As the Onondaga County Health Department continues its efforts to address the COVID-19 pandemic in our community, it is important to remember other issues that are affecting our health. The arrival of warm weather brings with it the need to protect ourselves from mosquito- and tick-borne diseases. Health Commissioner Dr. Indu Gupta reminds residents, “While we are enjoying this beautiful Central New York springtime, it is important to consistently use personal protection measures to reduce the risk of mosquito and tick bites that may transmit West Nile virus (WNV), Eastern Equine Encephalitis virus (EEEV), or Lyme disease from now through the fall season.”
The Health Department has begun the annual mosquito surveillance and control program for this year. This program collects and tests mosquitoes for viruses including WNV and EEEV. The program also uses larvicides (an insecticide) to control mosquito breeding in standing bodies of water.
Personal Protection Measures
The Health Department reminds residents that there are steps everyone should take to protect themselves from mosquito and tick bites during outdoor activities:
- Wear shoes, light-colored socks, long pants, and a long-sleeved shirt. Tuck in your shirt and tuck pant legs into boots or socks. Check your body for ticks after being outdoors.
- Consider using insect repellents containing DEET, Picaridin, IR3535, oil of lemon eucalyptus, and other products that have been approved by the Environmental Protection Agency (EPA). Use this EPA search tool to help you choose the repellent product that is right for you, and follow the manufacturer’s instructions on proper use for safety and effectiveness. Insect repellents should be applied only to intact skin or over clothing. Do NOT apply DEET or Picaridin directly onto children’s skin (apply to your own hands and then put it on the child). Repellent should not be used on babies younger than 2 months old.
- Treat clothing and gear with products containing 0.5% permethrin. Permethrin can be used to treat boots, clothing and camping gear and remain protective through several washings. Alternatively, you can buy permethrin-treated clothing and gear.
Mosquito-Proof Your Home
It is also important to mosquito-proof your home by replacing or repairing broken screens and getting rid of standing water where mosquitoes breed. Keep your property free of standing water by cleaning clogged rain gutters; turning over wheelbarrows and wading pools when not in use; changing water in birdbaths every four days; properly maintaining swimming pools, outdoor saunas, and hot tubs; draining water from pool covers; and, using landscaping to eliminate low spots where standing water accumulates.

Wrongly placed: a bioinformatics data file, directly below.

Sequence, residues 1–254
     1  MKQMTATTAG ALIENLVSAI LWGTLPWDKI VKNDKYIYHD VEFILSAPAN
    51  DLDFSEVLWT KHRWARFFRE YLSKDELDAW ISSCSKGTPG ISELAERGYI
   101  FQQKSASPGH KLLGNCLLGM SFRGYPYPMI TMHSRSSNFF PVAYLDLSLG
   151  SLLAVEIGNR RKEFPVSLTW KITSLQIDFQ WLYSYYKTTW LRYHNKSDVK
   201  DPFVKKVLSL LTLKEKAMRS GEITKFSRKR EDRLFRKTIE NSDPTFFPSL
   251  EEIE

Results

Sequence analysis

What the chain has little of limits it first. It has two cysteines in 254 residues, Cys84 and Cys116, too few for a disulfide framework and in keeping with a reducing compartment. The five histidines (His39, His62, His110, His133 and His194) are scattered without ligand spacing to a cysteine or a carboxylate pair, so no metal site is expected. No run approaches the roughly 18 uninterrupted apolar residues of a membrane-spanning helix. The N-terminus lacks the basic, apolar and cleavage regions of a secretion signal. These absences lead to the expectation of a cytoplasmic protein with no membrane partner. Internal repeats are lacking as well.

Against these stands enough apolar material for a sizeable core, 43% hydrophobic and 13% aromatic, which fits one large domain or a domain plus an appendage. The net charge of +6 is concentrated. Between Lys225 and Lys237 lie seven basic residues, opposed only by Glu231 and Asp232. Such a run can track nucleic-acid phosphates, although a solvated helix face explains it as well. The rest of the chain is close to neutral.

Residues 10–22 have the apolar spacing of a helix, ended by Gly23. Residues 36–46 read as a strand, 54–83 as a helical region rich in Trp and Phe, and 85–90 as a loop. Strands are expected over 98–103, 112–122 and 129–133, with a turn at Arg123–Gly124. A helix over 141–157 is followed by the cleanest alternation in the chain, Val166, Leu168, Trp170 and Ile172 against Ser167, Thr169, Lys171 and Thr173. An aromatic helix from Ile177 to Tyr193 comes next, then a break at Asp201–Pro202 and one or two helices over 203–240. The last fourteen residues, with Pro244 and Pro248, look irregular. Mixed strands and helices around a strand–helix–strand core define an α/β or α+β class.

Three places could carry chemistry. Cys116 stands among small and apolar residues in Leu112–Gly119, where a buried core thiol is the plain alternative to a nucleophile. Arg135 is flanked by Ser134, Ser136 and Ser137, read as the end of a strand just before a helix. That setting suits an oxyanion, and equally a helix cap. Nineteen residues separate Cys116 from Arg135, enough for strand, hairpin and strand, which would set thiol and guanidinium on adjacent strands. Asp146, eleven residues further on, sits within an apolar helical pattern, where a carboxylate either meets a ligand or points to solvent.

Signs and Symptoms of WNV and EEE
Most people who are infected with WNV or EEE do not develop any signs or symptoms. However, both WNV and EEE are potentially serious illnesses. Signs and symptoms can include high fever, headache, neck stiffness, confusion, tremors (shaking), convulsions, muscle weakness, vision loss, irritability, drowsiness, numbness, paralysis, vomiting, diarrhea, and coma. Consult your healthcare provider if you have been bitten by a mosquito and develop any of these signs and symptoms.
Check for and Remove Ticks
After outdoor activities, it is critical to check your body for an attached tick. Early removal is important—the longer an infected tick is attached to the skin, the higher the chances are for transmitting disease. According to the CDC, an infected tick must be attached for 36 to 48 hours or more before the Lyme disease bacterium can be transmitted. Keep ticks away by mowing your lawn often and removing brush. Playground toys, decks, and patios should be kept away from wooded areas. In addition, do not feed deer on your property. If you see a tick embedded in your skin, follow the steps below (or watch this video) to learn how to remove it:
- Take tweezers to the tick’s head or mouth, where it enters the skin.
- Pull the tick firmly up, in a steady motion, away from the skin.
- Clean the bite with soap and water, rubbing alcohol, or hydrogen peroxide.
- Keep a record of the date, time, and where you were bitten.
Signs and Symptoms of Lyme Disease
Call your health care provider if a tick has been attached to your skin for more than 36 hours, or if you had a recent tick bite and develop any symptoms (“bull’s-eye” rash, fever, fatigue, chills, headache, muscle and joint aches, and swollen lymph nodes). Lyme disease can be prevented and effectively treated with appropriate and timely medical treatment.
More Information and Resources
For more information about mosquito-borne illnesses or Lyme disease, contact the Onondaga County Health Department, Division of Environmental Health at 315.435.1649 or visit: